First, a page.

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Managing Afghanistan's Mineral Hopes

Interviewees: Wahidullah Shahrani, Minister of Mines, Islamic Republic of Afghanistan
Craig Andrews, Lead Mining Specialist, World Bank
Michael Stanley, Mining Specialist, World Bank
Interviewer: Greg Bruno, Staff Writer, CFR.org
June 29, 2010

When the New York Times reported on June 13 that Afghanistan sits on as much as $1 trillion of mineral wealth, Washington and Kabul buzzed with qualified excitement about Afghan potential; amid a near-constant cacophony of negative headlines, here was something positive. In the weeks that have followed, a sense of cautious optimism has emerged among government officials, coalition partners, and international scientists looking to chart the most effective--and realistic--path toward Afghanistan's economic independence.

Afghans have wasted little time in seeking to lure new international mining investors--beyond the well-publicized Chinese investment in the Aynak copper deposit in Logar province. Afghanistan's minister of mines, Wahidullah Shahrani, was in London last week to woo investment in another field--the Hajigak iron ore deposit west of Kabul. In a telephone interview with CFR.org, Shahrani said the "enormous" potential for developing his country's mineral sector is a "unique opportunity" in his country's history. He said Afghan scientists put the country's total mineral wealth at $3 trillion--three times American and international estimates. Yet Shahrani acknowledged the need for government reforms and increased transparency in contracting to encourage increased investment by global firms. He also said Afghanistan must invest heavily in roads, railways, and other infrastructure to convince international companies to set up shop.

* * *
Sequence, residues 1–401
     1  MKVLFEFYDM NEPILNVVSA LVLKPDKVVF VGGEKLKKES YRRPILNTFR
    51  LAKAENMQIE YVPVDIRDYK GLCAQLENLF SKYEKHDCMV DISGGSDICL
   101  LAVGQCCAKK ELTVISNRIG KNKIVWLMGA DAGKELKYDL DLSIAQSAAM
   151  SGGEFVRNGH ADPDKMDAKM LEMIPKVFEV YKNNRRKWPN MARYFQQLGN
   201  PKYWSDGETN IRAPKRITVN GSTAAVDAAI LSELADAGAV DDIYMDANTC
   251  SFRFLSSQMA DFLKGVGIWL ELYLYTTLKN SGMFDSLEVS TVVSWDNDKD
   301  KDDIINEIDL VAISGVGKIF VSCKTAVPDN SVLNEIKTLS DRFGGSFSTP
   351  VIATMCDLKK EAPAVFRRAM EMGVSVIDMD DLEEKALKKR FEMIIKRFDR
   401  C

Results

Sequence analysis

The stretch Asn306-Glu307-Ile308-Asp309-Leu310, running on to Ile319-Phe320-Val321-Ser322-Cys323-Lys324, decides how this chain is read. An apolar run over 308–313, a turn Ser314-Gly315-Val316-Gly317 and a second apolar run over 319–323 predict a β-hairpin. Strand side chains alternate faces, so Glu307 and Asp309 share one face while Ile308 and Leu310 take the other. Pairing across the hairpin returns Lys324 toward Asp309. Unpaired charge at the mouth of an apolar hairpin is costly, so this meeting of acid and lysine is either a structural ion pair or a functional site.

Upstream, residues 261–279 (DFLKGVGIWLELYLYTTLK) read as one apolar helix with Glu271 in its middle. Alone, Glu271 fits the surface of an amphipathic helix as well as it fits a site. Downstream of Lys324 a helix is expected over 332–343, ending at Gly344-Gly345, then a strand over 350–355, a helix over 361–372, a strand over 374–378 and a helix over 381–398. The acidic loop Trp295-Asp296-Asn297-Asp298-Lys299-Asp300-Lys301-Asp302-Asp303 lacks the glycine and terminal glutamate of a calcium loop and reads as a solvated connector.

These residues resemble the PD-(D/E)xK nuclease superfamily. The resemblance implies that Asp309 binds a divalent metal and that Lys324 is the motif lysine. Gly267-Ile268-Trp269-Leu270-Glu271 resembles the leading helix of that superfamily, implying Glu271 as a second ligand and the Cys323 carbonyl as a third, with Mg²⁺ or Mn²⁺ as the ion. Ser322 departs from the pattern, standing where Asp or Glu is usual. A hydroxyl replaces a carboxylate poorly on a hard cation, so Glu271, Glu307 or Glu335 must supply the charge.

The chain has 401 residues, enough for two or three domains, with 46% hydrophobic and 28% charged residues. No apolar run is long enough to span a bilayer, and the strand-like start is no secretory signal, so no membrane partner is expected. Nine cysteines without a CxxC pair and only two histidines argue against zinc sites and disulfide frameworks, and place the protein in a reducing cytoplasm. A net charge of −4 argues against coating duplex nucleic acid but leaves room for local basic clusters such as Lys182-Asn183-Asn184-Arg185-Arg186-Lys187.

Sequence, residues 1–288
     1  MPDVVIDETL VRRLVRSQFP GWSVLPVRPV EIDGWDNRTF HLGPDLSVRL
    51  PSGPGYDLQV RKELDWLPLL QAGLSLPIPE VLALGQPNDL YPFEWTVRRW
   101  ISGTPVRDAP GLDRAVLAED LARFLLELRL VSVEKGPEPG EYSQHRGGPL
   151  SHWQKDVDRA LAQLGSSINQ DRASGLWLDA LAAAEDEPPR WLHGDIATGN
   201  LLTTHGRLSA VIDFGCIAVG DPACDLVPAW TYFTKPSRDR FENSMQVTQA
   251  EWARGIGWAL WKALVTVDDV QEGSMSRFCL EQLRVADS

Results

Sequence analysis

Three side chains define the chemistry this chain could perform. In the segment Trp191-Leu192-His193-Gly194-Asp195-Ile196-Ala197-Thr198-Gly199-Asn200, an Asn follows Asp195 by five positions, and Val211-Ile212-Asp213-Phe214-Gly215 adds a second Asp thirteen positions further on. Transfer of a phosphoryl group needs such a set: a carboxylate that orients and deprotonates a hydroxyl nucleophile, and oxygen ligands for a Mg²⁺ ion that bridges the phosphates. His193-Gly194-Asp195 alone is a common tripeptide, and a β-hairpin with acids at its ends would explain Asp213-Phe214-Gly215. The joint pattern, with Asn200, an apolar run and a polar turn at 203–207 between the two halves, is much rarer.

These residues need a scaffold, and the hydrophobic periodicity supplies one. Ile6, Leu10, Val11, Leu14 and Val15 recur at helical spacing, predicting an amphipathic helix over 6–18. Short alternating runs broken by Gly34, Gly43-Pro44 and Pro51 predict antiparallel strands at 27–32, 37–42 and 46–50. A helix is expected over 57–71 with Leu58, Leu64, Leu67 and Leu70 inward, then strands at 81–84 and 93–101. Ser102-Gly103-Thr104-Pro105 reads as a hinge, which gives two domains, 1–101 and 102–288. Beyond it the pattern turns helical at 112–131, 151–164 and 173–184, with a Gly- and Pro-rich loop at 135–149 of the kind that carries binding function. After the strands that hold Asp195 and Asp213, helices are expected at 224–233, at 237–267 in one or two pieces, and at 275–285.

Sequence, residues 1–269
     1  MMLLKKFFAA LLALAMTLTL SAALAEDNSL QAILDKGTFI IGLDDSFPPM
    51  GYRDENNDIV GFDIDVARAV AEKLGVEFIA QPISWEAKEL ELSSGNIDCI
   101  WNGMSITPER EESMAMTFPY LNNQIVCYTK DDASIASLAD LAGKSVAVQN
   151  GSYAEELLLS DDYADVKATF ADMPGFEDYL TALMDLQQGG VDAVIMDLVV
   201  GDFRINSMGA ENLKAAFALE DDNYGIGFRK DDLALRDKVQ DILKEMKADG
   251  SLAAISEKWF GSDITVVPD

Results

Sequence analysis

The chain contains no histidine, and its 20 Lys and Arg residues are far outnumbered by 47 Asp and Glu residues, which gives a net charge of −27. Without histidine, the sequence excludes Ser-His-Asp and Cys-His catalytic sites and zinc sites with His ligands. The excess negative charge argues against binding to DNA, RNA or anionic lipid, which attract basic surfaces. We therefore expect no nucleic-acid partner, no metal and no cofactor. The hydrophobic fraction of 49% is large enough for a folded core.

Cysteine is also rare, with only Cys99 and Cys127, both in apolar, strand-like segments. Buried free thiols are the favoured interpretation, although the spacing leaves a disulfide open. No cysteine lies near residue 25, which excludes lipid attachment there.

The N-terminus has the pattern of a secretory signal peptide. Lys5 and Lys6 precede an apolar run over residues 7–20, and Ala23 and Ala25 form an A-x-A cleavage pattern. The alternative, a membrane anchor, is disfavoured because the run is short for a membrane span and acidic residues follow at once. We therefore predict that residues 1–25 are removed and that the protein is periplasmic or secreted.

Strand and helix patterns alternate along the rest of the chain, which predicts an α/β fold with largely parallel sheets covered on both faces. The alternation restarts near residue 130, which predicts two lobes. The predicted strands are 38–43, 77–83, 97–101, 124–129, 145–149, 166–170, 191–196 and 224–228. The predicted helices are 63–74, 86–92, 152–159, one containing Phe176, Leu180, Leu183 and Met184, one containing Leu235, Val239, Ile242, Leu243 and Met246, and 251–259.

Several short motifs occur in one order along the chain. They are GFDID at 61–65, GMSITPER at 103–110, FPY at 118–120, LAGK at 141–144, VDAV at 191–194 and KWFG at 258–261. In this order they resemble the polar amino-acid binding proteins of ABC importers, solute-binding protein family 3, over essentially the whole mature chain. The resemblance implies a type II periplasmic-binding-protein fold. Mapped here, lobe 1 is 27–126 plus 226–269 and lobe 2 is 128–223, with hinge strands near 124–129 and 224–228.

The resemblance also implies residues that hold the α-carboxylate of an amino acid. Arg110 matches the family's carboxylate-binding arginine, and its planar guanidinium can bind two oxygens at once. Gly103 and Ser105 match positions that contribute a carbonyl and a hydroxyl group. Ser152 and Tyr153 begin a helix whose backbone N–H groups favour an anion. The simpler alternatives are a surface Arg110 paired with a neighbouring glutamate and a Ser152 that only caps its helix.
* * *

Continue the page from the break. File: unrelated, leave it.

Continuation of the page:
International mining experts are more nuanced in their optimism. Craig Andrews and Michael Stanley, mining experts at the World Bank who have worked extensively with the Afghan mining ministry, say the buzz created by the New York Times article misses the fact that Afghans have been studying their natural resources for decades. "To go so far as to suggest that the United States has discovered deposits might be a little bit too far, and also not give justice to work that other geological survey organizations have done over the years," says Andrews. Andrews also says that while mineral wealth could one day rescue Afghanistan's underperforming economy, it's too early to be counting dollar signs. "Mineral occurrences are not money in the bank," he says.

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